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Date: Mon, 19 Sep 2011 20:18:37 +0400
From: Vasiliy Kulikov <>
To: Pekka Enberg <>
Cc: Andrew Morton <>,, Kees Cook <>,
	Cyrill Gorcunov <>,
	Al Viro <>,
	Christoph Lameter <>,
	Matt Mackall <>,,, Dan Rosenberg <>,
	Theodore Tso <>, Alan Cox <>,
	Jesper Juhl <>,
	Linus Torvalds <>
Subject: Re: Re: [RFC PATCH 2/2] mm: restrict access to

On Mon, Sep 19, 2011 at 19:11 +0300, Pekka Enberg wrote:
> >> What's different about the patch now?
> >
> > The exploitation you're talking about is an exploitation of kernel heap
> > bugs.  Dan's previous "make slabinfo 0400" patch tried to complicate
> > attacker's life by hiding information about how many free object are
> > left in the slab.  With this information an attacker may compute how he
> > should spray the slab to position slab object to increase his chances of
> > overwriting specific memory areas - pointers, etc.
> >
> > I don't speak about how much/whether closing slabinfo complicates this
> > task, though.  My idea is orthogonal to the Dan's idea.  I claim that
> > with 0444 slabinfo any user may get information about in-system activity
> > that he shouldn't learn.  In short, one may learn precisely when other
> > user reads directory contents, opens files, how much files there are in
> > the specific _private_ directory, how much files _private_ ecryptfs or
> > fuse mount point contains, etc.  This breaks user's assumption that
> > the number of files in a private directory is a private information.
> > There are a bit more thoughts in the patch description.
> Yes, I read your patch description and I think it's convincing enough
> to warrant a config option but not changing the default.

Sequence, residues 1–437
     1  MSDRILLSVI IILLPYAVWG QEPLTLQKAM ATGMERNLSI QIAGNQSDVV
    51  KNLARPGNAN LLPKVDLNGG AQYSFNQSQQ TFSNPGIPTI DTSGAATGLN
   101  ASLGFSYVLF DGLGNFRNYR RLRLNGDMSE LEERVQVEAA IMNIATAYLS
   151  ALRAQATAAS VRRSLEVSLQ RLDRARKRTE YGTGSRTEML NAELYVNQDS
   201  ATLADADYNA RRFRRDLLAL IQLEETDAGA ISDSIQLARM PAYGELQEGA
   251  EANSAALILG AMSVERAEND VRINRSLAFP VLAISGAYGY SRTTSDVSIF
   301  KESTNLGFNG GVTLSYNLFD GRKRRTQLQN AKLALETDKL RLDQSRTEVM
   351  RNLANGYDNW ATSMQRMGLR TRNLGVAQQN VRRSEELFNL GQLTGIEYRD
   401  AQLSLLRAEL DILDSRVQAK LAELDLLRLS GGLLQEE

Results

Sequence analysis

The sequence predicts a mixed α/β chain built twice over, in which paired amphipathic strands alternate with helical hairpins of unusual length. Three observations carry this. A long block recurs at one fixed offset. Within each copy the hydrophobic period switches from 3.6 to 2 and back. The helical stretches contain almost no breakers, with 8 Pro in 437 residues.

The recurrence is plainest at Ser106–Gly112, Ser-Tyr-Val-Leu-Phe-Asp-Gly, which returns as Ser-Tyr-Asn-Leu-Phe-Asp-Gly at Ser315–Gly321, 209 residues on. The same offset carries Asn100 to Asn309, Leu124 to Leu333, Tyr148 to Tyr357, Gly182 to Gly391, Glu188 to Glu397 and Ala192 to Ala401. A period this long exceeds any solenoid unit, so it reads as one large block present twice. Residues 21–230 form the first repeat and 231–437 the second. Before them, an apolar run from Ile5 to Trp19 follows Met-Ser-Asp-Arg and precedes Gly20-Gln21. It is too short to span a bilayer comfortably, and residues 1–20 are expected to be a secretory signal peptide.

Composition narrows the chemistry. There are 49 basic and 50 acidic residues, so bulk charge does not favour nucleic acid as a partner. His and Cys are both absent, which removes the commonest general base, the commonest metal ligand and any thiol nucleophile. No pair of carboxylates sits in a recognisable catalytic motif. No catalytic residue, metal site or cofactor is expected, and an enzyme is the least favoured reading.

> However, if the encryptfs and infoleaks really are serious enough to
> hide /proc/slabinfo, I think you should consider switching over to
> kmalloc() instead of kmem_cache_alloc() to make sure nobody can
> gain access to the information.

kmalloc() is still visible in slabinfo as kmalloc-128 or so.

> >> > One note: only to _kernel_ developers.  It means it is a strictly
> >> > debugging feature, which shouldn't be enabled in the production systems.
> >>
> >> It's pretty much _the_ interface for debugging kernel memory leaks in
> >> production systems and we ask users for it along with /proc/meminfo
> >> when debugging many memory management related issues. When we
> >> temporarily dropped /proc/slabinfo with the introduction of SLUB, people
> >> complained pretty loudly.
> >
> > Could you point to the discussion, please?  I cannot find the patch for
> > 0400 slabinfo even in the linux-history repository.
> We dropped the whole file for SLUB:

Ah, I've misunderstood you.

> [ I didn't find the original discussion that motivated the above
>   patch but it should be somewhere in LKML archives around
>   that time. ]
> Making it root-only will have pretty much the same kind of
> out-of-the-box behavior.
> >> I'd be willing to consider this patch if it's a config option that's not enabled
> >> by default; otherwise you need to find someone else to merge the patch.
> >> You can add some nasty warnings to the Kconfig text to scare the users
> >> into enabling it. ;-)
> >
> > How do you see this CONFIG_ option?  CONFIG_PROCFS_COMPAT_MODES (or _PERMS),
> > defaults to Y?  If we find more procfs files with dangerous permissions,
> > we may move it under "ifndef CONFIG_PROCFS_COMPAT_PERMS".
> I guess CONFIG_RESTRICT_PROCFS type of thing makes most sense
> since the problem is not only about SLAB. If you want to make it slab-only
> config option, I'm fine with that too.

OK, then I'll prepare a patch with a configure option, if no other

> Please note that you need to restrict sysfs files for SLUB as well.


Thank you for the comments!

Vasiliy Kulikov - bringing security into open computing environments

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